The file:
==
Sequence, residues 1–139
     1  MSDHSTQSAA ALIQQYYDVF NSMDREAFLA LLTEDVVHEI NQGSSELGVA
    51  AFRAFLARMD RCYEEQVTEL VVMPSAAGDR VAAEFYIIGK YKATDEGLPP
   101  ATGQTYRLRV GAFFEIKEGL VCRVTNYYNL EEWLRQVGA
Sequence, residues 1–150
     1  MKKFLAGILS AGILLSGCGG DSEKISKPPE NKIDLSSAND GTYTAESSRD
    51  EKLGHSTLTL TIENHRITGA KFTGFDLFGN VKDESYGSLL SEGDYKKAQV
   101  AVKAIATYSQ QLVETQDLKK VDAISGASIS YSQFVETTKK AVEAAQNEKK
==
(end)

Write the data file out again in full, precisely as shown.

Sequence, residues 1–139
     1  MSDHSTQSAA ALIQQYYDVF NSMDREAFLA LLTEDVVHEI NQGSSELGVA
    51  AFRAFLARMD RCYEEQVTEL VVMPSAAGDR VAAEFYIIGK YKATDEGLPP
   101  ATGQTYRLRV GAFFEIKEGL VCRVTNYYNL EEWLRQVGA
Sequence, residues 1–150
     1  MKKFLAGILS AGILLSGCGG DSEKISKPPE NKIDLSSAND GTYTAESSRD
    51  EKLGHSTLTL TIENHRITGA KFTGFDLFGN VKDESYGSLL SEGDYKKAQV
   101  AVKAIATYSQ QLVETQDLKK VDAISGASIS YSQFVETTKK AVEAAQNEKK